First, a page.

Leading article: BBC needs to cut managers as well

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The Independent Online

It was the sort of meeting at which many a disgruntled licence fee payer would have enjoyed being a fly on the wall. Some of the biggest name presenters of the BBC were summoned this week by the Director General, Mark Thompson, and warned to expect a salary cut as part of the Corporation's efficiency drive.

On one level, it is welcome that the BBC is waking up to some hard economic realities. It is pretty clear that it has overpaid for the services of certain presenters and performers in recent years. And now that the commercial UK broadcasting sector is suffering in the recession, the market price for many of them will have fallen back. If the BBC did not use this opportunity to modify the contracts it offered during the boom years it would be accused of wasting public money.

Yet the sense of satisfaction that many will feel at the sight of some of these high-profile performers being brought down to earth should not be allowed to blind us to the BBC's other financial faults. It is not only presenters who are on high salaries at the Corporation. The management tier of the BBC is notoriously bloated and overpaid. A Freedom of Information request earlier this year revealed that more than 330 senior managers take home six-figure salaries. These managers were informed in January that pay will be frozen and bonuses suspended until 2010, but there has been no suggestion of a pay cut here. Has the market for broadcasting managers really held up that much better than for presenters?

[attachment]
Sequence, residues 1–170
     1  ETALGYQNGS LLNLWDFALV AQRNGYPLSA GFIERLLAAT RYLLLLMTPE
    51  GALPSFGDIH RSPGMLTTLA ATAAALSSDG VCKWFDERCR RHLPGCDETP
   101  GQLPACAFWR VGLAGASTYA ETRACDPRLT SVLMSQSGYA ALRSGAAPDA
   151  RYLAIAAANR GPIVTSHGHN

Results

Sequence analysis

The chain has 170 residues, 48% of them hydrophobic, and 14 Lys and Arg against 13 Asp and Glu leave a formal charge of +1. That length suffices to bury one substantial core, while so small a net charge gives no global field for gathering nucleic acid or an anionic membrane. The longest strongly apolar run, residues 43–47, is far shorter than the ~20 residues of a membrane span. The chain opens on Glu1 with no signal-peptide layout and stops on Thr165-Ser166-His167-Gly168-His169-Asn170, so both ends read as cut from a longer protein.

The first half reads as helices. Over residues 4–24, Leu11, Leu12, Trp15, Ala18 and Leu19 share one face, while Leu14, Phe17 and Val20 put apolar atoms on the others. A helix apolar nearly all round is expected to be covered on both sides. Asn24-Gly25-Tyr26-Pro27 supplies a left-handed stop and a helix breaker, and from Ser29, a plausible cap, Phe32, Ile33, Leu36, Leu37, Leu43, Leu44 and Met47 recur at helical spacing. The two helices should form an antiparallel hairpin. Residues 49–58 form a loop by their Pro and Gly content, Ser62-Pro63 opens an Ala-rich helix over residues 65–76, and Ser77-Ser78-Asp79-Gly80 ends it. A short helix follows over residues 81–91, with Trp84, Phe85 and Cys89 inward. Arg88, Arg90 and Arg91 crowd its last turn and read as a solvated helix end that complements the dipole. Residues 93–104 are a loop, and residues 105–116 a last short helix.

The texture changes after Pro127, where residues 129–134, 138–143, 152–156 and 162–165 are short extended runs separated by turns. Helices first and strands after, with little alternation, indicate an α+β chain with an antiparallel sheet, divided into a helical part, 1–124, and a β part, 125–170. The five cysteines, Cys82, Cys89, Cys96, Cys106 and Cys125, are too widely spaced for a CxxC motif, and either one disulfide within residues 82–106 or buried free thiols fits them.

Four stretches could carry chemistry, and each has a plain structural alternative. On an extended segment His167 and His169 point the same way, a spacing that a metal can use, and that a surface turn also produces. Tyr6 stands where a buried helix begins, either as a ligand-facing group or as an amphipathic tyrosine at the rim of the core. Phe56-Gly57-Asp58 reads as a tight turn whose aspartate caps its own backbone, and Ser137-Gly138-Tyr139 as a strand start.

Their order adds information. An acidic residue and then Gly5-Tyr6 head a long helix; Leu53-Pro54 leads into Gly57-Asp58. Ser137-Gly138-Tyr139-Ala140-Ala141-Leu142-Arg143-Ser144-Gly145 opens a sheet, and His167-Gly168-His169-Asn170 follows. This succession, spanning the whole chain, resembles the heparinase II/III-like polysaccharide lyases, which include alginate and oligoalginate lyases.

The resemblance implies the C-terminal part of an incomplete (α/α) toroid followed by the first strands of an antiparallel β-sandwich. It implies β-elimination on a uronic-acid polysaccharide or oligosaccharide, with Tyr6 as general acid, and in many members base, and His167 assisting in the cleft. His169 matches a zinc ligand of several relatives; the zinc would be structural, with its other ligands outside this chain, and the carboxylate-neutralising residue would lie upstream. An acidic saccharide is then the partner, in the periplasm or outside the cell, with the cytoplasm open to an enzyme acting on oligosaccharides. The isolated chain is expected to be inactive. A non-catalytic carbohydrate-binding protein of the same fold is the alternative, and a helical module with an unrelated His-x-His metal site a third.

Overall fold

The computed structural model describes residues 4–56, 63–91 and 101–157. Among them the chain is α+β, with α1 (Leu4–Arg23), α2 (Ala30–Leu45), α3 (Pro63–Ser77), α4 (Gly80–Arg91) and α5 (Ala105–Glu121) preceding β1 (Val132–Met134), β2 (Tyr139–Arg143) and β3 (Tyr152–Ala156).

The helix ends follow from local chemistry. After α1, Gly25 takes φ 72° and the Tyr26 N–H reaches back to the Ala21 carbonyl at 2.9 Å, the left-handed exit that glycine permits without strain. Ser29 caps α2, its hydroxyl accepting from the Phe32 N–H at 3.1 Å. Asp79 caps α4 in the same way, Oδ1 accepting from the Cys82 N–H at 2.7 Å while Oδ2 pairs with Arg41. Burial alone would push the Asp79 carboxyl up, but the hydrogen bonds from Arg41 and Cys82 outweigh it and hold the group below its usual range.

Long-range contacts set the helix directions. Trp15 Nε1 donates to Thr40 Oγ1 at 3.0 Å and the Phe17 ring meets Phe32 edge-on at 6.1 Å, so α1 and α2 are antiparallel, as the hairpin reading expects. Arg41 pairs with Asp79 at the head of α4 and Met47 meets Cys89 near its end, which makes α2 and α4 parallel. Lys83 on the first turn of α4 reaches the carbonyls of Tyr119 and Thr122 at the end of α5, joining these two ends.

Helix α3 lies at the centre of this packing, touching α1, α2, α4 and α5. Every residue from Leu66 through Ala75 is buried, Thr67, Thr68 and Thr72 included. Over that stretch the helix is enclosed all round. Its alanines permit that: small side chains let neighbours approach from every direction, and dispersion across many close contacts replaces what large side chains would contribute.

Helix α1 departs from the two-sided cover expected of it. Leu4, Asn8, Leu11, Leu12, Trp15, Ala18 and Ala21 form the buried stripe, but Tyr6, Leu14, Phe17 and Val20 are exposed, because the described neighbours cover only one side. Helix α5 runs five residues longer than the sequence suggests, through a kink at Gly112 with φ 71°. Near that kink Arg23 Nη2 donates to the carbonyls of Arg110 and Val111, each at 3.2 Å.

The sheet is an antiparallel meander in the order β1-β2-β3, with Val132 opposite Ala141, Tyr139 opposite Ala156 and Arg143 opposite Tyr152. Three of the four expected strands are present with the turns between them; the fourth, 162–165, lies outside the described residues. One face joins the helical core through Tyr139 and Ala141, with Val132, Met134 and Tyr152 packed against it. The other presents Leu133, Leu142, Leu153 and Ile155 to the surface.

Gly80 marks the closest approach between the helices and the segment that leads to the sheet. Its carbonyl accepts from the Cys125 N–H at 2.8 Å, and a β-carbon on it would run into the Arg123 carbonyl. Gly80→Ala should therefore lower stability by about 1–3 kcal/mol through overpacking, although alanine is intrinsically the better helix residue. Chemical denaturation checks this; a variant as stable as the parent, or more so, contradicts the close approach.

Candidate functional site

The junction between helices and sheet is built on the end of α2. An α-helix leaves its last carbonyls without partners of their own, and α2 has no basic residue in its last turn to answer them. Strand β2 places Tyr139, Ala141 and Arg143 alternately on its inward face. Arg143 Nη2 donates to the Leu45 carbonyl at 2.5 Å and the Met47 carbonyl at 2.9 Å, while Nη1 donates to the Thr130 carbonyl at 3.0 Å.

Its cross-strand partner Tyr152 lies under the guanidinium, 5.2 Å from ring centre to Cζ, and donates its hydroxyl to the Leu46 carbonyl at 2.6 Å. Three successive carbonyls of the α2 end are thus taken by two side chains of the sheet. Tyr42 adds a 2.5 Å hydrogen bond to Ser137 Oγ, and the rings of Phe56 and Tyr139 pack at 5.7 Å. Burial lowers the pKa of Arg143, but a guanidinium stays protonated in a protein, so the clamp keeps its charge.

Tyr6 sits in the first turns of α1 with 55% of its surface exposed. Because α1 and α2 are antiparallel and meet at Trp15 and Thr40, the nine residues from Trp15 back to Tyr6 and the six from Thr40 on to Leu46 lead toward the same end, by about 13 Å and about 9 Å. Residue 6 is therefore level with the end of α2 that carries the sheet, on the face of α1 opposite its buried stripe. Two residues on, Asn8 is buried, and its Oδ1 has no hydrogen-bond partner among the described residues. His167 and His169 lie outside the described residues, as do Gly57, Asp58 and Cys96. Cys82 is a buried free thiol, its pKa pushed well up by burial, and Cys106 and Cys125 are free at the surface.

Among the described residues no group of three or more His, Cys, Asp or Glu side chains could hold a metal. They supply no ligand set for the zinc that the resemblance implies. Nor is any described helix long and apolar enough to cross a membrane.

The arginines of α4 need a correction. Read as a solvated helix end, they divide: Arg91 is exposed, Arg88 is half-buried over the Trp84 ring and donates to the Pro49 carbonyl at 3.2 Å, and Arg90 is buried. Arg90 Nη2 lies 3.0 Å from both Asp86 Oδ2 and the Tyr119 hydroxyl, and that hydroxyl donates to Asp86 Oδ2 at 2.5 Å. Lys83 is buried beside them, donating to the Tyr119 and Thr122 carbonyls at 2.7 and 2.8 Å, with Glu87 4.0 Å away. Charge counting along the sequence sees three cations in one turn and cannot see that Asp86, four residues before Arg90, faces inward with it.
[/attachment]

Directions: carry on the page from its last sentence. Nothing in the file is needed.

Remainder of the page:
More significant still is the manner in which outposts of the BBC's empire are using the funds of the licence fee to crush smaller commercial broadcasters and publications. The real financial scandal at the BBC is not Terry Wogan's pay, but the Corporation's ownership of the likes of Lonely Planet.

We should be pleased that the BBC is finally making some effort to live in the real economic world, but if Mr Thompson imagines that throwing a few populist bones to the public will lessen scrutiny of the other ways in which the Corporation misuses licence payers' money and distorts the media market, he needs to think again.